Sister Joyce Lehman • President, Sisters of the Precious Blood
God calls each of us to fulfill the dream God has dreamed for us. In the Scriptures, God called Abraham and Sarah to leave their homeland so they could be the beginning of a new nation. God called Isaiah and Jeremiah to be prophets even though the first claimed he could not speak and the second claimed he was too young. God called Mary to be the Mother of our Savior and she tested God by saying, “I know not man.” God called Paul, and had to knock him off his proverbial horse, to stop persecuting the followers of Jesus and become one himself, spreading the Gospel to the Jewish and Gentile worlds. Although our call may not be dramatic but is rather that “still, small voice” (I Kings 19:12), God does call each of us to a way of life that fulfills who we can be in our best selves.
Years ago as part of a team which travelled to different high schools in a diocese to talk about vocations, especially to the priesthood and religious life, the dream analogy presented itself. In reflecting and praying about what I might say that could possibly make sense to teenagers, I was inspired to talk about how, when God created each one of us, God dreamed a dream of that person as God hoped each would become. And then God gave each of us the gifts that we would need to live out that dream. So if God dreamed of us as single, or married, or sister, brother or priest, we could be assured that we would have the gifts to live that life faithfully and joyfully.
In the rest of this issue you will find some facts about vocations to consecrated life today. Historically God has always called individuals to different vocations to meet the needs of God’s people. Today, although we might think there is a “vocation crisis” because fewer women and men are entering consecrated life, this may in fact be the way God is calling all Christians to do those things that consecrated religious have traditionally done for the past 200 years. One thing is sure, we can trust that God is calling whomever is needed to serve God’s people, the church and the world.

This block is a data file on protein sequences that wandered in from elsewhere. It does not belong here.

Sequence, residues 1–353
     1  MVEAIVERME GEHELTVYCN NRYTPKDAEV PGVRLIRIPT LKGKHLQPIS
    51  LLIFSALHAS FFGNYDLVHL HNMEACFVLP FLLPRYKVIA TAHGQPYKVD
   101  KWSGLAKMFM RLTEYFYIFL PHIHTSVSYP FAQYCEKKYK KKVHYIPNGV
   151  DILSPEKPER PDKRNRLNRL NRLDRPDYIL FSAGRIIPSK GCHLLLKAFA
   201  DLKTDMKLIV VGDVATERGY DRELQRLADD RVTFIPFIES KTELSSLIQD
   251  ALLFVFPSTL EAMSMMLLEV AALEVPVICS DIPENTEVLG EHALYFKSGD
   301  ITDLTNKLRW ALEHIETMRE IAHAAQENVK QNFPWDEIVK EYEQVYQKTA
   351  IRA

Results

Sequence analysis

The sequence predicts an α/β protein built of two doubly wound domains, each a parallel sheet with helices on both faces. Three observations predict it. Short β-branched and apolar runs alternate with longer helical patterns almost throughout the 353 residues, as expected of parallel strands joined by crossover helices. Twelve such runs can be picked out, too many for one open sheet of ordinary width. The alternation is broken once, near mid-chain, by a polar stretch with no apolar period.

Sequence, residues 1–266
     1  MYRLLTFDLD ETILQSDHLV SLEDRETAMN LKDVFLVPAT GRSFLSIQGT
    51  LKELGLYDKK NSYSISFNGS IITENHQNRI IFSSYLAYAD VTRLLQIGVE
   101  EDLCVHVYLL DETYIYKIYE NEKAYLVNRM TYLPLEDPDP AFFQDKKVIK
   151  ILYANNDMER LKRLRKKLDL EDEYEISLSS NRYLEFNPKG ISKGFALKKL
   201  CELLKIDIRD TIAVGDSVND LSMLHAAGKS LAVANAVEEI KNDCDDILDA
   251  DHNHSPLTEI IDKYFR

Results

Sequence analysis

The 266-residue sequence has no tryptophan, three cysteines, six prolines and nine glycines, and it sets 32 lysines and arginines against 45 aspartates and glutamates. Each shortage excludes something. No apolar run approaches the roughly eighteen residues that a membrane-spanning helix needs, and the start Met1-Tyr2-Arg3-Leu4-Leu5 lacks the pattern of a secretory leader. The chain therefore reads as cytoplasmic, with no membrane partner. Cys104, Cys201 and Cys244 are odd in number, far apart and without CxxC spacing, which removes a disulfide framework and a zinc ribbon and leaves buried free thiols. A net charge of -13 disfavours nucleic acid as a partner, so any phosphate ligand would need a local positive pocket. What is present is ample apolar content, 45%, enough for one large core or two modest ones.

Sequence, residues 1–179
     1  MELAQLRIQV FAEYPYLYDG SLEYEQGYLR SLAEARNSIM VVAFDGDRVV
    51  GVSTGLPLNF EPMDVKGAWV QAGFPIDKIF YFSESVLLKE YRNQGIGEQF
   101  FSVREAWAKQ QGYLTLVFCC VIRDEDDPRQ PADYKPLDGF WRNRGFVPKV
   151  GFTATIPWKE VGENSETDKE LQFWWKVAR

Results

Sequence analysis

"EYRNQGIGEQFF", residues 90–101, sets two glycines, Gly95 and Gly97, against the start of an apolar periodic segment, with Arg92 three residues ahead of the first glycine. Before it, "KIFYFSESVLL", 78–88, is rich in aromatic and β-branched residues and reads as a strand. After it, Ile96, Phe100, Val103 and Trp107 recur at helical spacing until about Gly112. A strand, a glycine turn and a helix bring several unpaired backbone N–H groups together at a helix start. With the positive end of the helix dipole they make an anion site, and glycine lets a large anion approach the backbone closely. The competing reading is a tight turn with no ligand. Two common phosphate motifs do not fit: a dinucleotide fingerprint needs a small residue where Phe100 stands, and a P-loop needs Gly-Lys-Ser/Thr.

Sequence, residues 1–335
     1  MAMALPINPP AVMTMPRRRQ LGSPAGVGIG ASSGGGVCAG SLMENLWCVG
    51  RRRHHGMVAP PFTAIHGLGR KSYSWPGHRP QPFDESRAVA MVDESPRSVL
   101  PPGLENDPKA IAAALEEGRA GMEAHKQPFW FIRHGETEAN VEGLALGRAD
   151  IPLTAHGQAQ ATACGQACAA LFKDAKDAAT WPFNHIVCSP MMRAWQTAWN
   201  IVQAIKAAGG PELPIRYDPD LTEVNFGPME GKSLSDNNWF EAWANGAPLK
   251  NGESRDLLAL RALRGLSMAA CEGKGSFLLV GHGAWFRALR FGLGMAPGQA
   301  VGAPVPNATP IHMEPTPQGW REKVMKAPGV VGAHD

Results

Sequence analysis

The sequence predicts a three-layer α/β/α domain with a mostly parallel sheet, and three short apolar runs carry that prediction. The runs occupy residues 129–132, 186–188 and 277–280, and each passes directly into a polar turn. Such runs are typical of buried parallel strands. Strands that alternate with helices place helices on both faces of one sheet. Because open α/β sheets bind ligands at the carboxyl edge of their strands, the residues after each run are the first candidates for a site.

It is important for each of us to continue to listen to God’s “still, small voice” within us as we try faithfully to live our vocation daily. Being called is not a “one and done” kind of thing. It takes a daily recommitment as we face the changes, challenges and encounters that are part of our lives. Times change, people change, the world around us changes, yet God’s call remains constant. It is by daily recommitting ourselves to that call that it is possible to remain faithful to a spouse, a community, the church, our commitment.
And speaking of changes, at the end of June the Sisters of the Precious Blood will gather to do the work of looking to our future and listening to how God is calling us to respond to the needs of this time in history. We will explore together the living out of our commitment as consecrated religious in a world so much in need of Good News, of the New Life of the Resurrected Jesus and of the reconciliation that unites. One part of our gathering is the selection of new leadership for the Congregation — five women who will help all of us hold the vision and mission of who we are and who we hope to become.
With that selection I will be bidding adieu to the role of President and to the privilege of writing this column. For eight years I have tried to find something meaningful to say and have found that God provides even when my poor brain feels there is nothing more to say. I thank all of you who read Sharing and Caring for letting us tell our story and for sharing our life with you.